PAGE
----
While a game of rugby appears easier when watched on the television, the fact of the matter is that it does take the wind out of you. One of the things to remember is that – unlike football, where there is no directional restriction on passing the ball to your teammates – in rugby, the ball is usually only passed backwards. While that isn’t what you expect to naturally do in a competitive game – where the goal is to reach the... well... goal – it is quite a ton of fun. Of course, rugby is not only about passing a ball around. It can get a lot more physical.
The dreaded or celebrated ‘Scrum’, depending on how you look at it, is one of the most iconic scenarios in any rugby game. A scrum is basically what happens when a game is stopped after a tackle or an altercation and then restarted. The restart procedure (a.k.a scrum) involves players packing closely together with their heads down and attempting to gain possession of the ball. In a professional game, players from each side form a cluster, interlocking their heads and forming a tunnel below them. The ball is fed into said tunnel while the players try and retain possession of the ball by passing it backwards with their legs. In a practice session of course, it was just a few of us forming a practice scrum but even that was viscerally physical and intense.
Apart from the number of players, a rugby sevens game is a lot shorter than a regular rugby match.
After a lot of running about, throws, high kicks and, of course, scrum-formation practices, it was time to pack-up and head to the match. As with most people, the first reaction that the players had when they saw the Renault Triber was, “Where is the second car?” Their consternation was understandable. The Triber is essentially a small car, with one significant difference – it has the largest wheelbase among any sub-four-metre passenger vehicle around; and Renault has managed to extract every bit of space possible. So, finding out about its third row came as a welcome surprise to the men.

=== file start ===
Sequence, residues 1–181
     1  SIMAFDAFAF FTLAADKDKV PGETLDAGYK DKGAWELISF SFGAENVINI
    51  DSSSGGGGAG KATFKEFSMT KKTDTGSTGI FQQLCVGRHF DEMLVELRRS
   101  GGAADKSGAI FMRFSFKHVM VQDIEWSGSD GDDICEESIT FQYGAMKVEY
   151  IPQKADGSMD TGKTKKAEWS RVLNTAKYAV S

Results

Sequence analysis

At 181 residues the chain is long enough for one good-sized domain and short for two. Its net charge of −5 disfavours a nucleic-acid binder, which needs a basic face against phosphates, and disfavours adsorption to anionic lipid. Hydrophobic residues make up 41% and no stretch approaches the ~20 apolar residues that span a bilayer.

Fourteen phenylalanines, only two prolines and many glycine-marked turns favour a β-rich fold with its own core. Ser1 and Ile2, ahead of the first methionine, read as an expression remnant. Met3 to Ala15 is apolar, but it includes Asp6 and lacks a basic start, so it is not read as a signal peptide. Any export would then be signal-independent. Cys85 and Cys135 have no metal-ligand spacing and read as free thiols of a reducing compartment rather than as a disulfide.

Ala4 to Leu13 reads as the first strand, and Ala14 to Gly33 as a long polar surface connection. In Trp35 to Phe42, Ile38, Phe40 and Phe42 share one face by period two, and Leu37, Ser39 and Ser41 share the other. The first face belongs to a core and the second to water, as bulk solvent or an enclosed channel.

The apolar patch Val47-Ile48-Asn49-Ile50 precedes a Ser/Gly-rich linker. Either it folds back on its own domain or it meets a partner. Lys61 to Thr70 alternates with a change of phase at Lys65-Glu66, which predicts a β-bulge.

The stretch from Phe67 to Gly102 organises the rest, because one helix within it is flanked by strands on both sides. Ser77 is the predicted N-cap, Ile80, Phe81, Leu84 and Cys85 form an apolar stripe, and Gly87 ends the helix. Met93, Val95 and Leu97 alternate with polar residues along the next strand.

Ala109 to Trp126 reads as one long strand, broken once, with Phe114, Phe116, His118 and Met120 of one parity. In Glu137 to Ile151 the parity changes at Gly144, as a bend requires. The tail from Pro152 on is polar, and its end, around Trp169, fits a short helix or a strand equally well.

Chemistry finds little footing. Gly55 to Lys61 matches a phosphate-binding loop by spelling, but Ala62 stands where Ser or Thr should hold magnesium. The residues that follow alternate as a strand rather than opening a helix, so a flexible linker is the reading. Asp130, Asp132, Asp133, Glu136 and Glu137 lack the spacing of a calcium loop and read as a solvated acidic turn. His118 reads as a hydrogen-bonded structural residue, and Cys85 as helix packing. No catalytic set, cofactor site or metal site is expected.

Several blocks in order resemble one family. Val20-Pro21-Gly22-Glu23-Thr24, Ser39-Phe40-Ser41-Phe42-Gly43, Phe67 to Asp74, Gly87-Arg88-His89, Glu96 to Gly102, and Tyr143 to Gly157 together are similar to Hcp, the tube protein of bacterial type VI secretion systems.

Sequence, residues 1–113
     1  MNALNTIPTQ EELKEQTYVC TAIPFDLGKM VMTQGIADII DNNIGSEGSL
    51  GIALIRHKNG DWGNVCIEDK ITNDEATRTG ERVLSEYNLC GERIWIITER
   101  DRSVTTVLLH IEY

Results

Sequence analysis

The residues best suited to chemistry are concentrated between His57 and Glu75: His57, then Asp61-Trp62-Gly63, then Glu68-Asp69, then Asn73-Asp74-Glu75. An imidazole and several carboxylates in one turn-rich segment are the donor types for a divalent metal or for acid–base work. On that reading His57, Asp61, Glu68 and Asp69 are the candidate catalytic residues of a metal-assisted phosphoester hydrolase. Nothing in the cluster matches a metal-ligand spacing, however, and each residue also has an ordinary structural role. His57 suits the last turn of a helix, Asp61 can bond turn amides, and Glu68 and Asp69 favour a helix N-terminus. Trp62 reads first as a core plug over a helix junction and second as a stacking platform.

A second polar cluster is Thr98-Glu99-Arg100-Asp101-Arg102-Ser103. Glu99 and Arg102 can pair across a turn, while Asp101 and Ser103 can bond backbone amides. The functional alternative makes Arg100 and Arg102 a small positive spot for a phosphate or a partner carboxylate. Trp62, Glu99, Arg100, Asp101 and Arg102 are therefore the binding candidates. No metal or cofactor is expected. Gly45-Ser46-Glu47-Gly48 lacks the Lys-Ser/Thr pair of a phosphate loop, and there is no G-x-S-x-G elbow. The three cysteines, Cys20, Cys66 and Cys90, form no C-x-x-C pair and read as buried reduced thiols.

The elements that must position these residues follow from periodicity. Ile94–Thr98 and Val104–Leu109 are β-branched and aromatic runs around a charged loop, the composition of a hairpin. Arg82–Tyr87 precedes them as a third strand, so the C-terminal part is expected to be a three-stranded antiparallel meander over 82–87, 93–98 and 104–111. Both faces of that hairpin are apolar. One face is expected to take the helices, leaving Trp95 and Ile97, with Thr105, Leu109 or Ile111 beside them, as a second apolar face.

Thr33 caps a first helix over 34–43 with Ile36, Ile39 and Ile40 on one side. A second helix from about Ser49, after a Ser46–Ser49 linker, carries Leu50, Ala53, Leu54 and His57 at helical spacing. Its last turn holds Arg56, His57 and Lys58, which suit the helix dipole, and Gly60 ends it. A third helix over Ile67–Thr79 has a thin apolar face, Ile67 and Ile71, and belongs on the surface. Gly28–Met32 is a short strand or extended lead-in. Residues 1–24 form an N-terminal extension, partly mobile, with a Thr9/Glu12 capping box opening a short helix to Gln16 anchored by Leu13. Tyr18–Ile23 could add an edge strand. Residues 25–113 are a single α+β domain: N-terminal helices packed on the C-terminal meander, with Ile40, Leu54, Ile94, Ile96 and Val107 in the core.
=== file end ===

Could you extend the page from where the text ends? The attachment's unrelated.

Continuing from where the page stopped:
While one expects fully grown men to usually behave, a pack of boys pumped up with adrenaline in anticipation of their big match sometimes prove otherwise. So, making the most of the Triber’s cavernous interior, the team decided that it was a good idea to continue practising inside the car by passing the rugby ball around as quickly as possible between the three rows!
Space for seven – and then some! The kits and rugby balls are loaded into the Triber.
As we made our way through the streets of south Mumbai towards our match venue for the day, the Triber proved to be as agile as the rugby players within. That thrummy 1.0-litre motor might have only 72hp and 96Nm of torque on tap, but work the gears a little and the little car proves to be quite plucky. Not only did the Triber make quite a first impression with our players, but rolling into our venue and doing our own little clown car impersonation – with all seven sturdy people stepping out of a relatively small car – did drop some jaws.
The Triber proved to be an agile customer on city streets.
All in all, while Renault could call this the Tribe mode, we think the term Bro Mode would fit aptly here, too!
PHOTOGRAPHY: GAURAV THOMBRE